Film screened at Berlin Film Festival

PARIS — Kit Hung’s “Soundless Wind Chime,” which screened in the Forum section at the Berlin Film Festival, has been picked up for all rights by U.S. distrib TLA Releasing.

Pic follows Ricky, a Chinese immigrant, and Pascal, who’s from Switzerland, who meet and fall in love in Hong Kong. After Pascal dies in an accident, Ricky goes to Switzerland to remember his lost lover, but is confronted with a confusion of memories — some real, others imagined.

Repped by Paris-based sales company Wide Management, “Soundless” has also been picked up by the U.K.’s Peccadillo, Germany’s Salzgeber and France’s Optimal.

“With the recession, deals for all rights can take up to three months to materialize,” said Anais Clanet, Wide’s international sales topper. “But, on the other hand, there is a wider range of buyers who respond well to targeted, niche slates.”

Deals roll off Wide’s strategy of seeking highly targeted specialty markets for modestly priced movies that can earn festival kudos. Distribs can pick up such titles without risking their shirts, and sometimes build them into breakout hits.

Wide’s strategy was developed long before the economic downturn. It now looks likely to be followed by a growing number of sales companies as financing for not just pick ups but also P&A tightens for many indie distributors.

Another title handled by Wide, Eastern European thriller “Landscape n.2,” was picked up by U.S. indie, Vanguard International Cinema, for TV, VOD and DVD. Since its creation in 1993, Vanguard has released more than 600 films to DVD and holds about 500 titles on digital platforms.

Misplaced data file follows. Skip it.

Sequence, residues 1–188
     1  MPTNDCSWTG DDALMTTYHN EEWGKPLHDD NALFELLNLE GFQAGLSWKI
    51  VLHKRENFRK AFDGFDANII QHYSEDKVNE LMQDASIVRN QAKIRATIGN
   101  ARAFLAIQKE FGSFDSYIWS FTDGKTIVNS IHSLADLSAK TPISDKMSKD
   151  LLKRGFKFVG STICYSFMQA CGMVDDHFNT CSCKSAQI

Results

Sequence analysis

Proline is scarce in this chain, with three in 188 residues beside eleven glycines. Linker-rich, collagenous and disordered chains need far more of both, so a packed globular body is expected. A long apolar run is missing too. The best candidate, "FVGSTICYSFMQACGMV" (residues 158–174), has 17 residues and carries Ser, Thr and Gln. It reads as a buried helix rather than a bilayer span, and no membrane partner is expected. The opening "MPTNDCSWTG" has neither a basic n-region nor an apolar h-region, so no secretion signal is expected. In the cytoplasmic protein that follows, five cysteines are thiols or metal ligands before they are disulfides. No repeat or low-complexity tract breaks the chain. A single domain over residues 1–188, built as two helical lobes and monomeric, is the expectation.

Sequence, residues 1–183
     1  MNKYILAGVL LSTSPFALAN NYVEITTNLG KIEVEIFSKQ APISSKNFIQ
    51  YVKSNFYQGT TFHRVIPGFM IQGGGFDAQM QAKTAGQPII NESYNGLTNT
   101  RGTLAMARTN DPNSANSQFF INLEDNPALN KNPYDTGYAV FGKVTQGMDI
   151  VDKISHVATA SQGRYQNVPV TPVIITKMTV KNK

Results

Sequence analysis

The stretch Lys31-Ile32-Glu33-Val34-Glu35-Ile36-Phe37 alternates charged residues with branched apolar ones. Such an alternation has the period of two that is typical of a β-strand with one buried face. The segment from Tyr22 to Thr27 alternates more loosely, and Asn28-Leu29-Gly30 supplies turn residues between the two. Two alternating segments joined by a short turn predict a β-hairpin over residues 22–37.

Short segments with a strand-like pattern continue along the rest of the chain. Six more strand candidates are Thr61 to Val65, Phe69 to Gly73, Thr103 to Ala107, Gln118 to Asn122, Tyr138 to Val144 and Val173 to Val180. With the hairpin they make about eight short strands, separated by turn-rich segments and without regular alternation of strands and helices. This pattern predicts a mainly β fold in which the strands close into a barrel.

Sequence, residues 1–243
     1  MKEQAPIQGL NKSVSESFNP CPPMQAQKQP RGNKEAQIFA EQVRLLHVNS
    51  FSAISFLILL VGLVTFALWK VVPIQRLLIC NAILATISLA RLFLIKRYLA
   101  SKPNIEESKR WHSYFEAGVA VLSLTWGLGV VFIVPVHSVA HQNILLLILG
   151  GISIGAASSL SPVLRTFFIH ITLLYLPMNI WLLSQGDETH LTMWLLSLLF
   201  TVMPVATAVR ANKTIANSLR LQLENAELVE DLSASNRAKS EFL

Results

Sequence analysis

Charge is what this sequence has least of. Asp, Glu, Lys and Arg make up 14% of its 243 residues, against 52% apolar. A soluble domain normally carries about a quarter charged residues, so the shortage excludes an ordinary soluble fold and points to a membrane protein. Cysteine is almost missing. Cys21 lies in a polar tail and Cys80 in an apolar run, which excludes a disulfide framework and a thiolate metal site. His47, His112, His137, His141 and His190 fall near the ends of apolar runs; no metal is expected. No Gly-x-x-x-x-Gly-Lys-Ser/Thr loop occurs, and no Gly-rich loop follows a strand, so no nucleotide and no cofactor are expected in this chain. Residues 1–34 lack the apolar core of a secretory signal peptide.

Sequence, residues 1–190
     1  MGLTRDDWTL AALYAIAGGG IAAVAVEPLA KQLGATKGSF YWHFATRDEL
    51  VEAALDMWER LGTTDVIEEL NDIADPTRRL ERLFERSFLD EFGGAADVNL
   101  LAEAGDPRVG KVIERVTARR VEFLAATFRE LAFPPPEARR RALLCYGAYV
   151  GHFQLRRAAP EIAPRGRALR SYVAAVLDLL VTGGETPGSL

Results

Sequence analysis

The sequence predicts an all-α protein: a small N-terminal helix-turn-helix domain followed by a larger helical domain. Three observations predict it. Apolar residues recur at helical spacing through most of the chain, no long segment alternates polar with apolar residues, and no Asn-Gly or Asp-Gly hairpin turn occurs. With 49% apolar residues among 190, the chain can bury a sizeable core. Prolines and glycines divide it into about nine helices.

Helmed by Vinko Moderndorfer (“Suburbs”), “Landscape n.2″ follows two Slovenian burglars who become fugitives after taking a mysterious document dating to the end of World War II.

Japan’s distrib Only Hearts nabbed two other Wide titles: Ad Bol’s psychological film noir “Blind Spot,” and Stephane Gehami’s “Straight to the Heart,” which screened at the Montreal World Film Fest in the official competition.

Aku Louhimies’ war drama, “Tears of April,” sold to Spain’s Creative Films. Clanet said the company is also in talks with U.S. and Japanese buyers. Set during the 1918 Finnish civil war, pic toplines Samuli Vauramo and Phila Vitala as two lovers struggling to survive.

Gay drama “Give Me Your Hand” sold to the U.K.’s Peccadillo Pictures, France’s Bodega Films and Germany’s Salzgeber.

Wide recently acquired documentary biopic of French anarchist “Louise Michel,” starring French thesp Sylvie Testud, and the restored version of Max Ophuls’ drama “Lola Montes,” which opened the Cannes Classics screening series during last year’s festival.

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